Are you required to go to work during the novel Coronavirus pandemic?
Employee directives, rights, and obligations have presented moving targets during the outbreak. Nevada employers with fewer than 50 employees have more discretion in whether to offer paid or unpaid leave, and how to implement their specific policies. For employees who have contracted Coronavirus or reasonably believe they have COVID-19, they may qualify for leave under the Family Medical Leave Act (“FMLA”). Under the FMLA, covered employees may take up to 180 days of protected, unpaid leave to care for themselves or their family members afflicted by a covered illness. Under the FMLA, employers are obligated to return covered employees to the same or equivalent position following their emergency leave.
Are employees entitled to paid leave during the novel Coronavirus pandemic?
While an employee’s access to paid leave during the pandemic and related shutdowns may vary on a case-by-case basis, Nevada employers are ordinarily not required to afford staff paid sick leave. Similarly, employers in the state have no legal obligation to allow staff to take paid leave to care for others, including others, including sick family members and young children during school closures. A March 18, 2020, federal expansion to the FMLA, the Families First Coronavirus Response Act (“FMLA expansion”), allows employees at companies with fewer than 500 employees to take up to 12 weeks of job-protected leave for childcare purposes.
Effective April 2, 2020, the FMLA expansion provides for 10 days of unpaid family care leave, with subsequent paid leave at approximately two-thirds of the ordinary rate of pay (limited to $200.00 per day, or $10,000.00 in total per covered employee).
Additionally, the recently passed terms of the Emergency Paid Sick Leave Act (“EPSLA”), also effective April 2, 2020, entitles full-time employees to up to 80 hours of paid sick leave if they are subject to quarantine or symptomatic of COVID-19 (limited to $511 per day, or $5,110 in total per covered employee). EPSLA and the FMLA expansion will remain in effect until at least December 31, 2020.
Can my employer assess me for Coronavirus before allowing me to come to work?
If an employee is apparently symptomatic for the Coronavirus or has previously been diagnosed with COVID-19, then the employer may require the employee to demonstrate that they are no longer a safety risk before returning to work. Ordinarily, an employer may not require an employee to submit to a temperature check or examination before coming to work. The Americans with Disabilities Act (“ADA”) prohibits employers from requiring examinations unless: (1) the examination is job-related or a business necessity; or (2) the employer reasonably believes the employee presents a “direct threat” to the health or safety of others that cannot be reasonably accommodated. Without objective evidence of a direct threat, the ADA generally prevents employers from asking an employee about their medical condition.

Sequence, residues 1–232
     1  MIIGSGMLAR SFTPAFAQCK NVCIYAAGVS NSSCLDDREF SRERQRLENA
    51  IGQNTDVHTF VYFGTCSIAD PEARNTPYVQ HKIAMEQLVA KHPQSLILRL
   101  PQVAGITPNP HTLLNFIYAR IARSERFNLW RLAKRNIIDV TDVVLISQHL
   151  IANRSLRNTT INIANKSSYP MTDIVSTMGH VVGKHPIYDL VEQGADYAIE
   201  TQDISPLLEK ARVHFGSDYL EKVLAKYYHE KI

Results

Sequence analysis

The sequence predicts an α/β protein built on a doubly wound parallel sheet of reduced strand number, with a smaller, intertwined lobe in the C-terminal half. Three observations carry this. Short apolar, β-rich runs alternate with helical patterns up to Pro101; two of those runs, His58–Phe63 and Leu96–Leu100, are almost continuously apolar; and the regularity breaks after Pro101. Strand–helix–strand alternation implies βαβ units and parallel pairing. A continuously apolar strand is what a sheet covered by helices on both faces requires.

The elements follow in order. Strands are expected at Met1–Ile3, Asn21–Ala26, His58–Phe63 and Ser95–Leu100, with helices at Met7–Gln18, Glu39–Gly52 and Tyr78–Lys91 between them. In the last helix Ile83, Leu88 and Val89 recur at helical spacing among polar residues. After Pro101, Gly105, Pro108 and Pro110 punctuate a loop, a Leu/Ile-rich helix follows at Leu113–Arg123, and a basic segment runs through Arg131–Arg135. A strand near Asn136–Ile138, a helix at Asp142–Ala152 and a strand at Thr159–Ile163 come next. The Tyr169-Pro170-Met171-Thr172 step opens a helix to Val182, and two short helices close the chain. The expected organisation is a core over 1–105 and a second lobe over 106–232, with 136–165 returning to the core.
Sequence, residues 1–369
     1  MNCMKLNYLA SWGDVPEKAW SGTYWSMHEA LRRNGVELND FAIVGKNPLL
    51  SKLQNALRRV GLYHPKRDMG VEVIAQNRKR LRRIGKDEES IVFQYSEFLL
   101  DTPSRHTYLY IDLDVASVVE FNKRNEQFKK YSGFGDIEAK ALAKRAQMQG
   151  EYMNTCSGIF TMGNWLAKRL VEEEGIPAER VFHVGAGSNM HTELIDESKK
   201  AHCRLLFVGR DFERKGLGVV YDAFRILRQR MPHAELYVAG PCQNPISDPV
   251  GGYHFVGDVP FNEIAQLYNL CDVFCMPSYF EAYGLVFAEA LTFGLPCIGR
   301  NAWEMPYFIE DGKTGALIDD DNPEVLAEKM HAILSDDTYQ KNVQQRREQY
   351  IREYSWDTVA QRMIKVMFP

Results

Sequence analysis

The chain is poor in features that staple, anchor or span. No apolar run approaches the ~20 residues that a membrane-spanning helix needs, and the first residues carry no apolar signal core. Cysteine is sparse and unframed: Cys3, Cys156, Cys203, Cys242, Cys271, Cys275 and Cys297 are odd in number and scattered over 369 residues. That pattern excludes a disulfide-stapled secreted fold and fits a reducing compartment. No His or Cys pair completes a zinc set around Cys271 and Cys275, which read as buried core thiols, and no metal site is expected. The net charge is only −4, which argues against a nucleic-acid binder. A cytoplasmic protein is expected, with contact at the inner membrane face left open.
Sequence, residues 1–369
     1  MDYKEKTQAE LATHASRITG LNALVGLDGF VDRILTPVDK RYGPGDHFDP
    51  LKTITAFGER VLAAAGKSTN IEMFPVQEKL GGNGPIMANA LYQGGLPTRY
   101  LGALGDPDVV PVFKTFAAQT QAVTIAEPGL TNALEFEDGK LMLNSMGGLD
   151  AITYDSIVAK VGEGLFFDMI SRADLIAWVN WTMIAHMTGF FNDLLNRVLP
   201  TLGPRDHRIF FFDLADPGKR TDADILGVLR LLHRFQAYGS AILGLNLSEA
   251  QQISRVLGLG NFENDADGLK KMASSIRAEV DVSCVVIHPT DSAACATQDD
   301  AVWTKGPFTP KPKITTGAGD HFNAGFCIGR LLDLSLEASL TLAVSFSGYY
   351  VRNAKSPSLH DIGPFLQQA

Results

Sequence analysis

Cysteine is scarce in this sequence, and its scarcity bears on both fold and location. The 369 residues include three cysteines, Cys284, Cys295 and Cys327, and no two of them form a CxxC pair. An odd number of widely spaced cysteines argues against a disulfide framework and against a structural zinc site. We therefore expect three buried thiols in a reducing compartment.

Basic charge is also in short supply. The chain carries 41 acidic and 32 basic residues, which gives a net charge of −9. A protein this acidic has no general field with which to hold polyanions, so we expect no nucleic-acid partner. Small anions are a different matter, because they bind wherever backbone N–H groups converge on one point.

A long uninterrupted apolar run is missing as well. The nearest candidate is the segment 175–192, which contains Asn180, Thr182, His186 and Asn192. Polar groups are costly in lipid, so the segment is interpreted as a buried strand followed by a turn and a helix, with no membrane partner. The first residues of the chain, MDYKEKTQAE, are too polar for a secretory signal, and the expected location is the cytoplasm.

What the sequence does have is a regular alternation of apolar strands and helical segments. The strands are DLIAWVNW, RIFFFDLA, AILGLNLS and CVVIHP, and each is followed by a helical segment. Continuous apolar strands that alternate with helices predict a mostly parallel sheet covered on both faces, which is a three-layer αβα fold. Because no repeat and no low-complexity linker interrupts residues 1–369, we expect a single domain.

Can I be fired from my position because of the novel Coronavirus pandemic?
For now, the simple answer is “yes.” As with most “at-will” employment jurisdictions, Nevada employees are subject to termination where specific offices and businesses may be closed. While employers may not terminate employees for illegal reasons (like discrimination and retaliation) layoffs relating to the Coronavirus and economic distress are not necessarily unlawful. Circumstances may differ where employees are protected by employment contracts, collective bargaining agreements, or union representation. It is important that an employer distinguish between an outright termination, or a furlough/leave of absence which would otherwise entitle the employee to benefits and/or prospective employment.
Can my employer require me to work remotely if my office is closed?
Generally, an employer can require its employees to work in an alternative location as a condition of employment. An important distinction is that, although an employee is not entitled to work remotely as a matter of law, an employer can require an employee to continue work remotely following an office closure. As the situation develops, it will be easier for employees to reconcile their employment rights with state and local directives for business closures.
If I get laid off as a result of the novel Coronavirus pandemic, am I entitled to unemployment benefits?
Employees may seek unemployment benefits in the ordinary course if they are terminated due to Coronavirus concerns or resultant economic distress. Similarly, if an employee is quarantined as a result of the Coronavirus pandemic, an immune-deficiency, or because they are susceptible to infection, they remain entitled to unemployment benefits. Furloughed individuals, in addition to those who were laid off, may apply for unemployment benefits. On March 18, 2020, Nevada Governor Steve Sisolak announced that he ordered the State Employment Security Division to waive certain requirements for unemployment benefits, including the seven-day waiting period and the “work search” requirement.